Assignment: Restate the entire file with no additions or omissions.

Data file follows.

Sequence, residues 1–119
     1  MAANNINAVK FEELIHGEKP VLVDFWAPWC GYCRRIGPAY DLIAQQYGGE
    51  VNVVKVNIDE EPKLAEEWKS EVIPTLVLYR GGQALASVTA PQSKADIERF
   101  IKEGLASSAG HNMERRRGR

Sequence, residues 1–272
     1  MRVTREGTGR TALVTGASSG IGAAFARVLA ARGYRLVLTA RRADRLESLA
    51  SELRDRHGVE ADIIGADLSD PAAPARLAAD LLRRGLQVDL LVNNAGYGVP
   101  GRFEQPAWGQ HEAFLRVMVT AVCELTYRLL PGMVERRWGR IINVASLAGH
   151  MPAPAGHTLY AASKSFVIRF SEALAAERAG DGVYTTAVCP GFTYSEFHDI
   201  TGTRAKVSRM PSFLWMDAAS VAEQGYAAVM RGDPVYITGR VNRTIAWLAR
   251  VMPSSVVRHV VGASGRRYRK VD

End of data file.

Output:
Sequence, residues 1–119
     1  MAANNINAVK FEELIHGEKP VLVDFWAPWC GYCRRIGPAY DLIAQQYGGE
    51  VNVVKVNIDE EPKLAEEWKS EVIPTLVLYR GGQALASVTA PQSKADIERF
   101  IKEGLASSAG HNMERRRGR

Sequence, residues 1–272
     1  MRVTREGTGR TALVTGASSG IGAAFARVLA ARGYRLVLTA RRADRLESLA
    51  SELRDRHGVE ADIIGADLSD PAAPARLAAD LLRRGLQVDL LVNNAGYGVP
   101  GRFEQPAWGQ HEAFLRVMVT AVCELTYRLL PGMVERRWGR IINVASLAGH
   151  MPAPAGHTLY AASKSFVIRF SEALAAERAG DGVYTTAVCP GFTYSEFHDI
   201  TGTRAKVSRM PSFLWMDAAS VAEQGYAAVM RGDPVYITGR VNRTIAWLAR
   251  VMPSSVVRHV VGASGRRYRK VD